The Museum of Hoaxes
hoax archive hoax archive hoax archive hoax archive hoax archive
 
Van Gogh's ear exhibited, 1935
The Cradle of the Deep, a literary hoax, 1929
Female thieves hide money in their bras, 1950
The Great Electric Sugar Swindle, 1884
The Stone-Age Tasaday Hoax, 1971
Vilcabamba, the town of very old people, 1978
Fake Fish Photos
The Great Wall of China Hoax, 1899
Sober Sue, the woman who never smiled, 1907
'Solar Armor' freezes man in Nevada Desert, 1874
The Tydings Affair
In 1950 Millard Tydings (a U.S. Senator from Maryland) challenged Senator Joseph McCarthy by calling his allegation that hundreds of communists were working in the State Department "a fraud, a hoax, and a deceit." As payback, McCarthy's staff faked a picture (top) of Tydings (on the right) apparently chatting with Earl Browder (on the left), head of the American Communist Party. The truth was that Tydings had never even met Browder before July, 1950. The image was a composite of a 1938 photo of Tydings listening to the radio (middle) and a 1940 photo of Browder delivering a speech (bottom).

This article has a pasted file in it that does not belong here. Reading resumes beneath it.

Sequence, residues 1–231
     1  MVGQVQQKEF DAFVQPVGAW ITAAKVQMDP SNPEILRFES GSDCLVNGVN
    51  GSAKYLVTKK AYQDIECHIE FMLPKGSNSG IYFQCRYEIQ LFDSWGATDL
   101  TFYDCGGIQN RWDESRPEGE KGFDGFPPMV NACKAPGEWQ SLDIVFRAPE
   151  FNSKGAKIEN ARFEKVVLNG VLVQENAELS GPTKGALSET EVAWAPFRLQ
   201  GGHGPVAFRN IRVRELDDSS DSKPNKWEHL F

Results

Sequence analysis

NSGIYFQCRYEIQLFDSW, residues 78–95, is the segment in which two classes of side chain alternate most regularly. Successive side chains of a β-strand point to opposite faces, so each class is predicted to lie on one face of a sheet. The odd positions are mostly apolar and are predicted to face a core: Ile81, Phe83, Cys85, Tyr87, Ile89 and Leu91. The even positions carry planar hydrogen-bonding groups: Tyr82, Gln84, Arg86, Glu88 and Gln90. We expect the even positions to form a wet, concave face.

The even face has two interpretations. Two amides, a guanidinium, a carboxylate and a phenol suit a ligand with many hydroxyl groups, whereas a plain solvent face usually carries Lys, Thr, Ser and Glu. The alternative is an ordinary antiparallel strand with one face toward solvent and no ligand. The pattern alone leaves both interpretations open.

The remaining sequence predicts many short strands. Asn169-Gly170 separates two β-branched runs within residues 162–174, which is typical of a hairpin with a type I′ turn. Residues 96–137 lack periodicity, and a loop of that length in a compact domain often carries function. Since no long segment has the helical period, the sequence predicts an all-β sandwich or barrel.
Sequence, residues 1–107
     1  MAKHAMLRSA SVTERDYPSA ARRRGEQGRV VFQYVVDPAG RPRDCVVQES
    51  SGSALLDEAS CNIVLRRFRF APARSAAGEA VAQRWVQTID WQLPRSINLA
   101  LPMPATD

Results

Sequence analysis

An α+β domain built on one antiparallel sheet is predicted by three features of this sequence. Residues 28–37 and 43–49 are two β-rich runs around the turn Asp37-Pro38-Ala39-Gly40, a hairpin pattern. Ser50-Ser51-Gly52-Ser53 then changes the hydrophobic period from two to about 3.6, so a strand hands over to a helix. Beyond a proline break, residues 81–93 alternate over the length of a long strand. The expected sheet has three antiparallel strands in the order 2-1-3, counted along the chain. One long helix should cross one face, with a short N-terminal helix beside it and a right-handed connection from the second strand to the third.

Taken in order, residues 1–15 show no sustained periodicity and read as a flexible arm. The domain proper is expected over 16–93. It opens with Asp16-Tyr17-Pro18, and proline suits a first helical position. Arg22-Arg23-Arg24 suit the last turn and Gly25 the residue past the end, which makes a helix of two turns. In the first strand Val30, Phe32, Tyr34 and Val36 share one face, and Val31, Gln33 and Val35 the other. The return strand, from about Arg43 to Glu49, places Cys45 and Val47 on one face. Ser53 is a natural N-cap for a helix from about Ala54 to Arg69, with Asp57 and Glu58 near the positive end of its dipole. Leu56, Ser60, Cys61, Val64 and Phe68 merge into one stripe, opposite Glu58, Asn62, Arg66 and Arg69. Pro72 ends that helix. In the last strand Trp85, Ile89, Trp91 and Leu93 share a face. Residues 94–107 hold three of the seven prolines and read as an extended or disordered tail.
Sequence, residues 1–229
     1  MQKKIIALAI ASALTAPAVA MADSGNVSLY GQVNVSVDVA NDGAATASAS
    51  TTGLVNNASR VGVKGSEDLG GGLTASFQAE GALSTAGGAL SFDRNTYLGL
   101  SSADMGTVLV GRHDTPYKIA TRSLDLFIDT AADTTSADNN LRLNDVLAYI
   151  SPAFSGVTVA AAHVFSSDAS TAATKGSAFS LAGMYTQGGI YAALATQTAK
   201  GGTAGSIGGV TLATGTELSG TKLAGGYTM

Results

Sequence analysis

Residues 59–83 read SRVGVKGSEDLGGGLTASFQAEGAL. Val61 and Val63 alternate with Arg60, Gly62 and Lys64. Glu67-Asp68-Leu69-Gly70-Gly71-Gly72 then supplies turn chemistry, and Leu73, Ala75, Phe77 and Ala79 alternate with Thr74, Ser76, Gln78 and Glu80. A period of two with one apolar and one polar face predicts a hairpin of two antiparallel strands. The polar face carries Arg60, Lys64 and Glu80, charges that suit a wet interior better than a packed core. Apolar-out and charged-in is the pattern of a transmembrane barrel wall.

The photo was widely distributed shortly before the 1950 senate race in which Tydings ran against John Butler. It appeared in a pamphlet titled "From the Record" printed by a group calling itself Young Democrats for Butler. A caption acknowledged the photo was a composite. Nevertheless, the image is believed to have contributed to Tydings' subsequent defeat in the election.

Links and References
• "Faked photo shows Tydings and Browder." (Nov 8, 1950). The Washington Post.
Millard Tydings, Wikipedia.
Photo Categories: Composite Images, Politics, 1940-1959


All text Copyright © 2014 by Alex Boese, except where otherwise indicated. All rights reserved.